The day before, he also defended changes to how carried interest is treated in Republicans' tax reform bills, saying on Face the Nation that the three-year holding period for assets to receive carried interest treatment adequately addresses the issue. “I think that does discourage some of the abuse, the short-term churning and so forth,” he said.  

Mulvaney also defended the Senate’s decision to make the individual tax cuts included in its version of the bill expire after five years. “The Bush tax cuts were the same way, and most of them didn't expire. We said before, we'll say again: If it's good policy, it will be permanent. If it's bad policy, it will be temporary,” he said.

Speaking on the same show, Senate Majority Leader Mitch McConnell, R-Ky., pushed back against the notion that the tax reform bill was unpopular. “We'll see how unpopular it is when people start noticing they’re paying less in taxes, the economy’s growing, there are more jobs and opportunity,” McConnell said.

Government Funding Battle 

Lawmakers intending to push tax reform across the finish line before the end of the year face considerable pressure. As if that weren’t enough, they have to tackle another issue first: the federal government will run out of money December 8 absent congressional action.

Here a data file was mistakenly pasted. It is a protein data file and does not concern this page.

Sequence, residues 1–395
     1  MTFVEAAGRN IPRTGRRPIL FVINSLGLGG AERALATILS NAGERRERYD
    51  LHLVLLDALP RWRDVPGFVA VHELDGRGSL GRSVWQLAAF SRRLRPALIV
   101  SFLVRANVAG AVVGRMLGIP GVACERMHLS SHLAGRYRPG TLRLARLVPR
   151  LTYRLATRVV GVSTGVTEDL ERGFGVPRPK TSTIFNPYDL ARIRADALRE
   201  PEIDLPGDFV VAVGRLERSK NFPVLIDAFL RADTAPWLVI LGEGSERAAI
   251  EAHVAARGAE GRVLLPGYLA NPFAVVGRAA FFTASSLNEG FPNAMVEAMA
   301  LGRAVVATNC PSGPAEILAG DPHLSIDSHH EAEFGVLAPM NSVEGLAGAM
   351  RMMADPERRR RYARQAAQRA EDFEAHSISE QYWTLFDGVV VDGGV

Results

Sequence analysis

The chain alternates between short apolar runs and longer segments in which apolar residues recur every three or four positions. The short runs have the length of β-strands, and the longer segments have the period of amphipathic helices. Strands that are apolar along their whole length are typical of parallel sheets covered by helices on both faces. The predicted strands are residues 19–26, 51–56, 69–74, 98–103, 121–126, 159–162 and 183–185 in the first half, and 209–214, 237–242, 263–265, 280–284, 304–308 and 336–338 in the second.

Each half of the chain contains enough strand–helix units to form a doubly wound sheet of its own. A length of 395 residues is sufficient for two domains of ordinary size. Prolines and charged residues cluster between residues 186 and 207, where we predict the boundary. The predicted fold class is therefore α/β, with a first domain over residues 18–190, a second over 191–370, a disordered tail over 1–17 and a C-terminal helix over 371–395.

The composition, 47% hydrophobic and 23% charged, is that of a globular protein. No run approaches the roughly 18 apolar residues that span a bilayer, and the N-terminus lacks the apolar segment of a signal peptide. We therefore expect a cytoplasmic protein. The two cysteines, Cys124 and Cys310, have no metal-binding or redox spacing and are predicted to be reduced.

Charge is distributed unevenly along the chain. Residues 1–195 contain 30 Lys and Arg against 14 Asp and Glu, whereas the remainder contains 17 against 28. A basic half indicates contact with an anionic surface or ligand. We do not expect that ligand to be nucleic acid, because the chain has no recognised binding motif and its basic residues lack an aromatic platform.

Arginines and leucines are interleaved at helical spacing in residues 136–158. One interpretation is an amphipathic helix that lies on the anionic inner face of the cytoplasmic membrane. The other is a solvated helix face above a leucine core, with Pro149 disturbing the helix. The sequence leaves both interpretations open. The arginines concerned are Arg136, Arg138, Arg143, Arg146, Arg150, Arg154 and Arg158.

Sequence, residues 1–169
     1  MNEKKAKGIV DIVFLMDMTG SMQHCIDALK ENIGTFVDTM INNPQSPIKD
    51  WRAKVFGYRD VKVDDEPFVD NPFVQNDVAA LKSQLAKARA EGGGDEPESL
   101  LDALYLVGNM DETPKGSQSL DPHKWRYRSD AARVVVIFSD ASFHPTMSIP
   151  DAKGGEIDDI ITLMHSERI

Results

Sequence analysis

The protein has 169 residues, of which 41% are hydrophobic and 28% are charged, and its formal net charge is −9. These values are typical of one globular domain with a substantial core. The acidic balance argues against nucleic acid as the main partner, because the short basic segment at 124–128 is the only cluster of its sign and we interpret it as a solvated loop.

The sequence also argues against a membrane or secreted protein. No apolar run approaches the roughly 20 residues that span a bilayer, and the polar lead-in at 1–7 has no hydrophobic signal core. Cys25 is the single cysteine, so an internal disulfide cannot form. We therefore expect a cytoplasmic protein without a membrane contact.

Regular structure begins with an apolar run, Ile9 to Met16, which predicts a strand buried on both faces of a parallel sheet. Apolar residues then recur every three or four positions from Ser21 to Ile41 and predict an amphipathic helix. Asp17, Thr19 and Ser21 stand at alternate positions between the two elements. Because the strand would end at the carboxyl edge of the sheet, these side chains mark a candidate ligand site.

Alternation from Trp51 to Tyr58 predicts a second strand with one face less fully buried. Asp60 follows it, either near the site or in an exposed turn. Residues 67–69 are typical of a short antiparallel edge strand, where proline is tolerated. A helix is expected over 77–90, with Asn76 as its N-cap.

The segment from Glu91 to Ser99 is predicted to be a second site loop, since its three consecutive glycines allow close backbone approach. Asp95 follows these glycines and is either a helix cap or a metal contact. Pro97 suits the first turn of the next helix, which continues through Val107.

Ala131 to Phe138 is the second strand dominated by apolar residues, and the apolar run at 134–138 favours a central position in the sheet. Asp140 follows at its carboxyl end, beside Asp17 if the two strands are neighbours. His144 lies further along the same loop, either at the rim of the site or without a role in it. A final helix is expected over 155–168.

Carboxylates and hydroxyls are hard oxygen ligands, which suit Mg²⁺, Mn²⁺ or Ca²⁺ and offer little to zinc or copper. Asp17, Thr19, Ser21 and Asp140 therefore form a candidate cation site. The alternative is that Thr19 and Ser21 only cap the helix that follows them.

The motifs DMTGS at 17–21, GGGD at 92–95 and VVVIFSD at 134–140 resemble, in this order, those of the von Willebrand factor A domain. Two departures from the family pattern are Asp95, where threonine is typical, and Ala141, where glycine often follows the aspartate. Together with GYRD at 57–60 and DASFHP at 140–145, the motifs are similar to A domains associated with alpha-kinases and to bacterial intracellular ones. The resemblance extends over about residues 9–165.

The House Rules Committee plans to meet December 5 on a continuing resolution to extend funding through December 22. 

Senate Minority Leader Charles E. Schumer, D-N.Y., said in a December 4 statement that he and House Minority Leader Nancy Pelosi, D-Calif., have accepted an invitation from President Trump to meet December 7 and discuss long-term funding legislation.

Schumer said he and Pelosi hope Trump will be open to an agreement to keep the government operating and that a budget agreement that equally increases military and domestic spending is needed. He listed a whole host of priorities, including the opioid crisis, disaster relief, and “a bipartisan deal to pass the DREAM act along with tough border security measures.

“There is a bipartisan path forward on all of these items,” he said. 

Mulvaney said December 3 on Face the Nation that he doesn’t believe there will be a government shutdown despite Democrats’ concerns over a lack of a legislative fix on the Deferred Action for Childhood Arrivals (DACA) policy after the Trump administration decided to phase it out after a six-month grace period. 

Mulvaney also said a group of lawmakers from some of the states affected by Hurricanes Harvey, Irma, and Maria in Texas and Louisiana, Florida, and Puerto Rico, respectively, may also want to shut down the government until they get the aid they want, but he said, “We need to get beyond that. I think that we will. I don’t think you'll see a government shutdown.”

Follow David van den Berg (@TAtaxDavidVDB) and Asha Glover (@AshaSGlover) on Twitter for real-time updates.